T&F Ad Digger, 13.6.2014
We scope out the best use of music in ads around the world every week. It’s a motley, time-hopping lineup this time – how best to soundtrack 18th century insurrectionists, everyday tenderness, ferocious World Cup feats and the sunny, slapstick zombie apocalypse? Sometimes a little anachronism goes a long way.
Assassin’s Creed – Unity (Ubisoft)
Ubisoft’s latest, premiered at LA’s E3 gaming expo this week, features a stop-start edit of Lorde’s apocalyptic take on ‘Everybody Wants to Rule the World’, originally recorded for The Hunger Games: Catching Fire’s soundtrack last year. It’s a slow-burning spot opening with a bird’s eye swoop over 1789 Paris, replete with the expected superb visuals and topped off with the cover’s louring keys, crashing breaks and on-the-nose lyrics – tailor made for partially slo-mo skirmishes between garrison and National Guard at the Storming of the Bastille, through which a lithe quartet of the titular assassins weave, bumping off guards with their usual hooded grace.
Showy and modish it might be, and in terms of setup there are better cold opens out there this week, but in terms of sombre front-row music use Ubisoft take the cake (and are presumably wiser than to prescribe it to the people of Paris.)
Song: Everybody Wants to Rule the World
Artist: Lorde (orig. Tears for Fears)
Favourites: Hunter Gatherer (McDonald’s)
An ordinary man resists the comfort of the couch and goes out through a city closing down for the night, hoping to satisfy his heavily pregnant partner’s nocturnal cravings – and McDonald’s is there for him, ready at any hour to fulfill the oddest of requests (in this case, an order of gherkins.) What all too easily could be draft cliche is lifted by low key performances and the warmth of The Lovin’ Spoonful’s tender 1967 hit ‘Darlin’ Be Home Soon’. The indefinable cuddliness of the song’s 1960s production and genuine, restrained sentiment go a long way towards quelling the suspicion that actually making this order in a local McDonald’s would get you stared out the door.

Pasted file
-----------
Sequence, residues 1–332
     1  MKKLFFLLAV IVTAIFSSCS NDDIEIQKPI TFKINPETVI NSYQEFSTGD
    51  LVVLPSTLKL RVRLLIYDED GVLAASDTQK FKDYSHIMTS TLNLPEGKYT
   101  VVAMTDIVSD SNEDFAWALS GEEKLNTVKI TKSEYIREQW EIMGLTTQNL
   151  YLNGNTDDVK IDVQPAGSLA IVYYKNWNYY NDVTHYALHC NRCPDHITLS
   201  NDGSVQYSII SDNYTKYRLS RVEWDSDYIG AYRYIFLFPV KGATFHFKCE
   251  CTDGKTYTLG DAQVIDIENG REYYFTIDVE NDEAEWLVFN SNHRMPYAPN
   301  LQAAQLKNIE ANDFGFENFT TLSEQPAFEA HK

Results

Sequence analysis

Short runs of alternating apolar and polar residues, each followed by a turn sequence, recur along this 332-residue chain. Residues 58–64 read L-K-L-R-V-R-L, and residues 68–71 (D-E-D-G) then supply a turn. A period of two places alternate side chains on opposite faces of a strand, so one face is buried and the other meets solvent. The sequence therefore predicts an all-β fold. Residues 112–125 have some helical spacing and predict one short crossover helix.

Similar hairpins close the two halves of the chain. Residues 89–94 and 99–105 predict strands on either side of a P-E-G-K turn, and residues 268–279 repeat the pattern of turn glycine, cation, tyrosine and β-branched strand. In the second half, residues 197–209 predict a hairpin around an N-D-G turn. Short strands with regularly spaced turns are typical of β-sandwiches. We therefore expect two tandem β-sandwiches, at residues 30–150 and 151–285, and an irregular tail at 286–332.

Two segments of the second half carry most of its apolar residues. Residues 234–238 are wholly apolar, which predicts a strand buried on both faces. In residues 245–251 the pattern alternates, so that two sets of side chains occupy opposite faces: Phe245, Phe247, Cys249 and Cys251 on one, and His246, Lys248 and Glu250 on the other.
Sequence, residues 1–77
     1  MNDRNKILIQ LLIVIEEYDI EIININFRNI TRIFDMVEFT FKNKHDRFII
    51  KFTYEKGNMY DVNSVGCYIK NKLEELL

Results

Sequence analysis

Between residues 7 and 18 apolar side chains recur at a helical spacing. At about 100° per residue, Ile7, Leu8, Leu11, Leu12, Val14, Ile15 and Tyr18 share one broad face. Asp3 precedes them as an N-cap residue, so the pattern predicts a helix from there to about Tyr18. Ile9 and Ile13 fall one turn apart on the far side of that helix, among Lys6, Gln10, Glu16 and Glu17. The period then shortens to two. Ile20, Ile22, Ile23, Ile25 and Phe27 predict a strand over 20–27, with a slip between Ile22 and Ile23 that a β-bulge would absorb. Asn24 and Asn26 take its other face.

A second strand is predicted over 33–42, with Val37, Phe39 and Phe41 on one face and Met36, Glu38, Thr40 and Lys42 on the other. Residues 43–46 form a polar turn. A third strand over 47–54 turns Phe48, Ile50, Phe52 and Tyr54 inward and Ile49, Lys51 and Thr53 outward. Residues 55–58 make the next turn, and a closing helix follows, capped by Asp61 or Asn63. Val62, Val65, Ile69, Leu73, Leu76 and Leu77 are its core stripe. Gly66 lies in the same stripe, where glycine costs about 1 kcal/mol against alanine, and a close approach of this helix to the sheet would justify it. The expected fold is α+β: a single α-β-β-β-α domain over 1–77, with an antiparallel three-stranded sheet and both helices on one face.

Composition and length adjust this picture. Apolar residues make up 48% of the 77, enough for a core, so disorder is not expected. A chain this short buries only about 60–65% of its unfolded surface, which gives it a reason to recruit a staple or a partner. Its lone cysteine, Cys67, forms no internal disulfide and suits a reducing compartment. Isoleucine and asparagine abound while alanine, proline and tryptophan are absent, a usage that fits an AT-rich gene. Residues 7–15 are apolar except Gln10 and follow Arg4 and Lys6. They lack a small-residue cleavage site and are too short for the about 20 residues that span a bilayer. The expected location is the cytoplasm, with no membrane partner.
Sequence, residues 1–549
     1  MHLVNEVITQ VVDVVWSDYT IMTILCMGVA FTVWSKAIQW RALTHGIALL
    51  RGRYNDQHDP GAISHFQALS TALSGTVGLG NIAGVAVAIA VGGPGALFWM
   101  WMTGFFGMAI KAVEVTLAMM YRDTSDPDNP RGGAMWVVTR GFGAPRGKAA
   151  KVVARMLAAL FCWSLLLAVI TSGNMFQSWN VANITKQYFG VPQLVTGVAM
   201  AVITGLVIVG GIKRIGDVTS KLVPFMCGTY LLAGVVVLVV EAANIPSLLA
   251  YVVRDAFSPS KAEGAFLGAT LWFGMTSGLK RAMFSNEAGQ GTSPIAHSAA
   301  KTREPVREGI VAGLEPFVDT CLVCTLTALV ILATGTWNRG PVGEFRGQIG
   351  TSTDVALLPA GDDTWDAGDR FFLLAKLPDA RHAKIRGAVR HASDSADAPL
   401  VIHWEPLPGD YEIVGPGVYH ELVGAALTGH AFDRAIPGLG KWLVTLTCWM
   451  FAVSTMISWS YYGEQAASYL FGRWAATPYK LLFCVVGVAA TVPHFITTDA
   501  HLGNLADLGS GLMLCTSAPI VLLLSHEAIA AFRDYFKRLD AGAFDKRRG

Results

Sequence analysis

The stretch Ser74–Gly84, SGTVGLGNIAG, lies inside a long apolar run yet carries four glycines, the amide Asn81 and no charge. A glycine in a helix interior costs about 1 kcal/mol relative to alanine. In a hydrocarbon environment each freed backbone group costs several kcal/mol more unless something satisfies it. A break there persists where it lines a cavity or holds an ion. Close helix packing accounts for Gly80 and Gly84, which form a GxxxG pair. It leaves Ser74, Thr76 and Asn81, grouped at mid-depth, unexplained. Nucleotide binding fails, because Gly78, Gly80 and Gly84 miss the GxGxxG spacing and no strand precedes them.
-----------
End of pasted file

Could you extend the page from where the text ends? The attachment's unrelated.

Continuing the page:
Song: Darlin’ Be Home Soon
Artist: The Lovin’ Spoonful
Playstation – Dead Island 2
On the other end of the game trailer spectrum this week, Playstation come out swinging (and flailing, and shambling) with a cheekier E3 spot. Where Dead Island’s much-lauded trailer brewed an unprecedented emotional devastation in under three minutes by dint of note-perfect, cinematic editing and Giles Lamb’s understated, punch-in-the-gut score, Dead Island 2 goes for the black comedy gusto instead, and in its way it’s no less cinematic. Meat-headed beefcake protagonist, fun staging, escalating gross-out chaos – it’s all here in sun-soaked, technicolor California, tied together and given bounce by an irreverant and highly appropriate usage of Pigeon John’s ‘The Bomb’. Proof that good sync is a two-way street – the right spot can refresh perceptions of a well-used song, and the right song can lift a good storyboard to another level altogether. (And as an extra bonus, this one can be read as a rather nastier companion piece to last week’s cheery Apple keep-fit rallying cry.)
Dead Island 2 (PlayStation)
Song: The Bomb
Artist: Pigeon John
All in or nothing – The Wake Up Call (Adidas)
This shorter edit has been kicking around for a little longer, but this week Adidas unleashed the near three-minute version of their most full-tilt World Cup spot, a kinetic stomper steeped initially in tense strings and the pre-match jitters of Lionel Messi and various other footballing greats, and then opening with a snarl into a tight montage of dancing fans and on-pitch feats, hurtled along by the shuddering, percussive ferocity of Kanye West’s ‘God Level’. It’s a handsome, fleer-footed balance of toughness, tension and chest-thumping, and it ought to open the first World Cup weekend with the intended bang.
Song: God Level
Artist: Kanye West
Agency: TBWA/Chiat/Day Los Angeles
Director: Fernando Meirelles